Did warfare among ancestral hunter-gatherers affect the evolution of human social behaviors?

Science. 2009 Jun 5;324(5932):1293-8. doi: 10.1126/science.1168112.


Since Darwin, intergroup hostilities have figured prominently in explanations of the evolution of human social behavior. Yet whether ancestral humans were largely "peaceful" or "warlike" remains controversial. I ask a more precise question: If more cooperative groups were more likely to prevail in conflicts with other groups, was the level of intergroup violence sufficient to influence the evolution of human social behavior? Using a model of the evolutionary impact of between-group competition and a new data set that combines archaeological evidence on causes of death during the Late Pleistocene and early Holocene with ethnographic and historical reports on hunter-gatherer populations, I find that the estimated level of mortality in intergroup conflicts would have had substantial effects, allowing the proliferation of group-beneficial behaviors that were quite costly to the individual altruist.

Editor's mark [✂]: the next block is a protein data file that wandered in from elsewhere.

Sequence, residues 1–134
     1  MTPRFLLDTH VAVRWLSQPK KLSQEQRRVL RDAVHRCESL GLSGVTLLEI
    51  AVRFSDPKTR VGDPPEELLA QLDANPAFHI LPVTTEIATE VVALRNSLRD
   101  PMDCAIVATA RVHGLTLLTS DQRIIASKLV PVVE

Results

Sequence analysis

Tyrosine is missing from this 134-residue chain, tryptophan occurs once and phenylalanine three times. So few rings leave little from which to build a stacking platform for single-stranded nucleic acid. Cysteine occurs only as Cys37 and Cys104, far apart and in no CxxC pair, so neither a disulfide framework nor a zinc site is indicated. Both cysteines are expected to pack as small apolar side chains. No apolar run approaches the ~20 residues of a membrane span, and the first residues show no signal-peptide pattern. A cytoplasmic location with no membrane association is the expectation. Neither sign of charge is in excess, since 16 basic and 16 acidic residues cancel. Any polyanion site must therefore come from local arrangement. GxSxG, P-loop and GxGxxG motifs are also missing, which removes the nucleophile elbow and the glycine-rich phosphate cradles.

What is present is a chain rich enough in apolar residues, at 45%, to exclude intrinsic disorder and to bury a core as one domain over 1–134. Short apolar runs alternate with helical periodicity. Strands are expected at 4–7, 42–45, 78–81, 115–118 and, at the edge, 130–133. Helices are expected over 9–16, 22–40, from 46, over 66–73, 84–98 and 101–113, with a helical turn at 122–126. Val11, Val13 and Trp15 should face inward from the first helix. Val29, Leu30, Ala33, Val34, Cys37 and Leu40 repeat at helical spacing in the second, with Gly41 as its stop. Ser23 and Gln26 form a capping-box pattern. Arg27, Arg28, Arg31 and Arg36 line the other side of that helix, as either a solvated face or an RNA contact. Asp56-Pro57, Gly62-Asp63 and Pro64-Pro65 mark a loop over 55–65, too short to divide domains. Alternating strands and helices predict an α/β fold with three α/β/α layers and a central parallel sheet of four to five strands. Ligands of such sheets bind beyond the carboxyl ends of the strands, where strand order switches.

Publication types

  • Research Support, Non-U.S. Gov't
  • Research Support, U.S. Gov't, Non-P.H.S.

MeSH terms

  • Altruism*
  • Anthropology, Cultural
  • Archaeology
  • Biological Evolution*
  • Cooperative Behavior
  • Cultural Evolution*
  • Female
  • Genetic Variation
  • Humans
  • Male
  • Microsatellite Repeats
  • Models, Theoretical
  • Social Behavior*
  • Warfare*